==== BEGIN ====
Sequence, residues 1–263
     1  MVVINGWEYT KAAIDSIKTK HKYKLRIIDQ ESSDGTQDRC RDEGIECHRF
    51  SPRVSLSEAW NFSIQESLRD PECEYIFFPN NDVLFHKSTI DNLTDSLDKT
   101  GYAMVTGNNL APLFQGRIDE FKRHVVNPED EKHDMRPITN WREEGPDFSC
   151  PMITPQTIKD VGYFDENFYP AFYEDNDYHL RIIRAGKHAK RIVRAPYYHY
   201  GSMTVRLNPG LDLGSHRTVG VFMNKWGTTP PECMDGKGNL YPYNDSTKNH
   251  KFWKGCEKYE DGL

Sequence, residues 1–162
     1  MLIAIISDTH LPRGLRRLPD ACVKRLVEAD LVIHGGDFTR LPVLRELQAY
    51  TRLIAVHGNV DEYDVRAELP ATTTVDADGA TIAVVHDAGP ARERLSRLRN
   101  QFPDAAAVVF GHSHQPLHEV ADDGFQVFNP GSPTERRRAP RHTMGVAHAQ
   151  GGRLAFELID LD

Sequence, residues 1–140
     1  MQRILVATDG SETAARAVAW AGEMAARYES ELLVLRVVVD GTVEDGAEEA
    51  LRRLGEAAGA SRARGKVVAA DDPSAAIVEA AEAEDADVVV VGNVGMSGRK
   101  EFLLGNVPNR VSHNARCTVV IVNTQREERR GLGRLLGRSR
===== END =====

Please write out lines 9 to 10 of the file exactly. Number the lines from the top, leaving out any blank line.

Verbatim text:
     1  MLIAIISDTH LPRGLRRLPD ACVKRLVEAD LVIHGGDFTR LPVLRELQAY
    51  TRLIAVHGNV DEYDVRAELP ATTTVDADGA TIAVVHDAGP ARERLSRLRN